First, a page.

Wednesday, January 5, 2011
It’s Monday, January 3, and I’ve already had 6 of them. Six of those post holiday work emails that say, “I hope you’ve had a relaxing holiday and are refreshed and ready for the new year. Not sure why, but I’ve felt compelled to answer each out loud with a snort and a “Yeah right, buddy.” Of course most of these people can’t possibly know that my life…and this holiday season…have been anything but relaxing and refreshing. They can’t possibly know that on November 19, my world was turned upside and that life…as I knew it anyway…was forever changed.
That day…a beautiful Friday morning…I was awaiting word from my parents that they were in their new car and in route to my house for the winter. Dad would fill me in on their miniature dachshund’s exploits on the first hours of the ride and Mom would have me adding to the list of things to get at the grocery store for the Thanksgiving feast the following week. Instead, as I worked away in my office that morning, I received the phone call that would change everything: “The P’s had a little trouble.” With these words came the news of a car accident…two hospitals…and injuries.
I’m not sure if every child feels this way or if it is just those of us born with the genetic makeup predisposed for worry (thanks Dad!), but I’m pretty sure I was about five the first time I remember realizing that if something happened to my parents I would be an orphan. At seven, when my worry gene kicked into serious overdrive, I realized that something could happen to them at…GULP…the same time and, as an only child, I would then be totally alone. From that point on, every romantic trip, ”adults only” vacation or road trip became a source of serious angst and had me camped at the window or by the phone until Jay and Babs were safely deposited wherever they were supposed to be. Even as the years passed, this fear never subsided and I have had more than one nightmare in my adult life that they were taken from me. Each time I woke feeling not unlike that scared five year old saying a silent prayer of thanks and relief that it was only a “dream.” Oh what I wouldn’t have given for that day…and most of the days since…to be just that.
I arrived at Kansas City International Airport at 11:54 that evening…steeled myself against the bitter cold and rushed to the Rental Car Facility. As my neon blue Ford Fusion and I passed the clubs of Westport where I spent my 21st birthday and turned at the corner where the little music box shop was that my Mom used to take me to as a child, I realized that the roles that my parents and I had played my entire life no longer fit. No matter what happened in the coming hours, days, weeks, months and, God willing, years, this was the event that would change everything and that they would need me in a way they had never needed me before. When I hit the doors at the St. Luke’s ICU, it was as clear to me as that night’s sky, the “luxury” of being “the kid” was officially over.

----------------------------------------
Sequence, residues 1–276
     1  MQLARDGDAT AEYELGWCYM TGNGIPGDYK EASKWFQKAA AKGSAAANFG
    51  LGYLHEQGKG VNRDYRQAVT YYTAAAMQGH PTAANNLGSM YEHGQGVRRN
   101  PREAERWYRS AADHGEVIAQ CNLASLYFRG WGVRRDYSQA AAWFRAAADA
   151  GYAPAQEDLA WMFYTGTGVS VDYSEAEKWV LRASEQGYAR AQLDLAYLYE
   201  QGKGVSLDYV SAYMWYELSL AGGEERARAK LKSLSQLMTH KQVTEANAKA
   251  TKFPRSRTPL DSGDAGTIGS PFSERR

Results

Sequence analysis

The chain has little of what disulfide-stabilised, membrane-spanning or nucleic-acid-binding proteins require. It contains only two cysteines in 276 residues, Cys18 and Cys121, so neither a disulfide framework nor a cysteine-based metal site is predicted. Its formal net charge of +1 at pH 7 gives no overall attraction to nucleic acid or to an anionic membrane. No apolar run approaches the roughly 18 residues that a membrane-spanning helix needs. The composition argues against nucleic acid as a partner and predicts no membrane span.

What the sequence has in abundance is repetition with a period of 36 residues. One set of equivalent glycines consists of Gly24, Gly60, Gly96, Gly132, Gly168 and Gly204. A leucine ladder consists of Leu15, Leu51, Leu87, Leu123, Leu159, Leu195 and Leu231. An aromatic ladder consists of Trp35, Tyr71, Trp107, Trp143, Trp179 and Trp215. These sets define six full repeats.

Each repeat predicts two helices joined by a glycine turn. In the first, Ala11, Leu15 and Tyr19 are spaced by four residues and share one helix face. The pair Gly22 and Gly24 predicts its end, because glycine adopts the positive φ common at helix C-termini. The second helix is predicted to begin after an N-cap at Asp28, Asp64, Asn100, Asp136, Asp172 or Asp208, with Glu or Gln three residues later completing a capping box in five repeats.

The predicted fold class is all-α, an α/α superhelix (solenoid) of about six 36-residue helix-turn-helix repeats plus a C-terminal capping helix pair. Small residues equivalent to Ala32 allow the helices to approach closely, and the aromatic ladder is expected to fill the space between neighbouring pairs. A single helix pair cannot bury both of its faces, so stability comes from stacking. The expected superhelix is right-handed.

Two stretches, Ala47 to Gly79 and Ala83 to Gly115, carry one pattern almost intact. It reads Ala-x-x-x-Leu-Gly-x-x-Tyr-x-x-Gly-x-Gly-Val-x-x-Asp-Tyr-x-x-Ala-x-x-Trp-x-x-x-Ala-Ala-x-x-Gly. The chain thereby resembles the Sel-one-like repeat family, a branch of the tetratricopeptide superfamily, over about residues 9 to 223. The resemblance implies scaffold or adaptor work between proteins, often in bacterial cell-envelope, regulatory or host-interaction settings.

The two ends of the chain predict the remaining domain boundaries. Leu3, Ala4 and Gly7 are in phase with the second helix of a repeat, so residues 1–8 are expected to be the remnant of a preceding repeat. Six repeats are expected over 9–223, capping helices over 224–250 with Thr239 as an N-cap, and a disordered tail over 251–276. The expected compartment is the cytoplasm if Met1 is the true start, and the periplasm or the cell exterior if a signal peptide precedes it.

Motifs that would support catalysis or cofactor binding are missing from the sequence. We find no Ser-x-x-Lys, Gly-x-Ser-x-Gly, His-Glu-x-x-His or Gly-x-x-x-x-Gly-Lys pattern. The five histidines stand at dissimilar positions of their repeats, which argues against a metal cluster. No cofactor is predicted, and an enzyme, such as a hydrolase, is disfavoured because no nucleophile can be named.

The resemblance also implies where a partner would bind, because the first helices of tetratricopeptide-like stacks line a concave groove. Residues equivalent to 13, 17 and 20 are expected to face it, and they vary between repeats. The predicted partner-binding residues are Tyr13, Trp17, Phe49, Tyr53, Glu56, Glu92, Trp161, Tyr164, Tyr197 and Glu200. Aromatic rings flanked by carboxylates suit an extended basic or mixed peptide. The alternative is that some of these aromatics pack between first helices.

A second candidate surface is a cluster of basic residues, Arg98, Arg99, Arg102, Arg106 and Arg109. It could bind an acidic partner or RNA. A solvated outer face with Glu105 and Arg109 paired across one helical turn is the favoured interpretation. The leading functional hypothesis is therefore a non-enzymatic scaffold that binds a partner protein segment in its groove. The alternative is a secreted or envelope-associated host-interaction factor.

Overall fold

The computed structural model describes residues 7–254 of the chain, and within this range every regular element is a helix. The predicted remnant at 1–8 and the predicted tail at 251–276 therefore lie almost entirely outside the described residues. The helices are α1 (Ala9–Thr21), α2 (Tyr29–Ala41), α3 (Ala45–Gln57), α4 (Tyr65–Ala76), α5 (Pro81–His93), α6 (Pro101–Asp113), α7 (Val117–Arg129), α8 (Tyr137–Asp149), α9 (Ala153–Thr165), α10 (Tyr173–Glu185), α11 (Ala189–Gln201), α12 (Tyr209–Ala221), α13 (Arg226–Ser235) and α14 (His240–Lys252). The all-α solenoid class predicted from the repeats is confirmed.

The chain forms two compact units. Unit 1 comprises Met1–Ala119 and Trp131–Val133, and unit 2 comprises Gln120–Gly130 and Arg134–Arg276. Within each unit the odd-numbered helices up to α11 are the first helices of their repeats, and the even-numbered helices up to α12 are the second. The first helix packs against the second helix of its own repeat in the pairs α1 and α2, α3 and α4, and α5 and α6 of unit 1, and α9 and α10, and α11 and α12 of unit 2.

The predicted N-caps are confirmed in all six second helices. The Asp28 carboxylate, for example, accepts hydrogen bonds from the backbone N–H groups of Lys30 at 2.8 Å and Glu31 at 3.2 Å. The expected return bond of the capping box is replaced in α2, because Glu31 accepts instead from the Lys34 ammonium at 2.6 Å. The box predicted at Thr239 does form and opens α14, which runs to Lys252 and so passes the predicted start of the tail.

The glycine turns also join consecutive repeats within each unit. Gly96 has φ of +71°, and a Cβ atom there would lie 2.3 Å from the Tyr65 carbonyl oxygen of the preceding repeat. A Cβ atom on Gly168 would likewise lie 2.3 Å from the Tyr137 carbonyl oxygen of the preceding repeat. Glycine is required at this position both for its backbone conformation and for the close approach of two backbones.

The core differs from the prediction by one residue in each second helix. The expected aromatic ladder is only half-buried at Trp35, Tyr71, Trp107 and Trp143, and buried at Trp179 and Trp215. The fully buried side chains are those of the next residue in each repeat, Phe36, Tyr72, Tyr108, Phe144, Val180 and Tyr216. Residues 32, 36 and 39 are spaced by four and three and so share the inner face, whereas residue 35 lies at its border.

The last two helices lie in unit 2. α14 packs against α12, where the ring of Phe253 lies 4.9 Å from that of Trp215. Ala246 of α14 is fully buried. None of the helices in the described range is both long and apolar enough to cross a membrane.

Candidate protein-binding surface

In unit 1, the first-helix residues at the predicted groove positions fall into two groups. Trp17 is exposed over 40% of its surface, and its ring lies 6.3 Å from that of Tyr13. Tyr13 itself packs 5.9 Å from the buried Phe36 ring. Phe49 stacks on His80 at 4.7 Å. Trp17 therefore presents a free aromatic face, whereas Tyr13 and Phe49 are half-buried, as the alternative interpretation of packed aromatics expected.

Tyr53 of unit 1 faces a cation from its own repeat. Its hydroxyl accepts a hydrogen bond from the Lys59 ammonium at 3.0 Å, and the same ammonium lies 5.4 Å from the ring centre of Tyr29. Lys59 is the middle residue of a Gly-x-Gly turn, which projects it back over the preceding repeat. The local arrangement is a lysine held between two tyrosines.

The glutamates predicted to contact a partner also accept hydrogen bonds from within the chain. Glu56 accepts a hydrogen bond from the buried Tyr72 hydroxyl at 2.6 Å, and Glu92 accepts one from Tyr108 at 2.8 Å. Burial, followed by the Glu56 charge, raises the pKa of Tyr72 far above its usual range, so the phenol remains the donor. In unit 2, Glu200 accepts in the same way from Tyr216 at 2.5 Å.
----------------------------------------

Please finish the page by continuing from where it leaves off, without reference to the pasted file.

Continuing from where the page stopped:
It might sound curious that with all the growing up I’ve had to do given my own cancer battle and all that’s come with it that I could even think of myself as “the kid,” but until November 19, I did. Fighting for my own life is quite different than feeling responsible for someone else’s…especially an adult “someone else” who has spent a great portion of his (and her) life teaching, guiding and preparing me to navigate moments just such as this. What if I failed? What if I did these beautiful lives a disservice and didn’t give them the voice they deserved when needed most? What if? What if? What if?
In the days and weeks since my parent’s accident, I’ve had to say…do…and know things that I don’t want to. I’ve had to explore the deep dark reality of what life would have been like if they had been taken from me in an instant on that beautiful November day and I’ve had to come to terms with the fact that someday, they will be. I have often, over the last 11 years of my cancer battle, questioned why I am still alive. I think I now know why. My face was the one my Dad needed to see when his heart was stopped and restarted in an attempt to bring it back into rhythm and my hand was the one my Mom needed to hold when she hurt so badly she couldn’t move.
Jay and Barbara gave me life…and a reason to fight for it. I hope in the dark hours of the last several weeks I’ve been able to return the favor.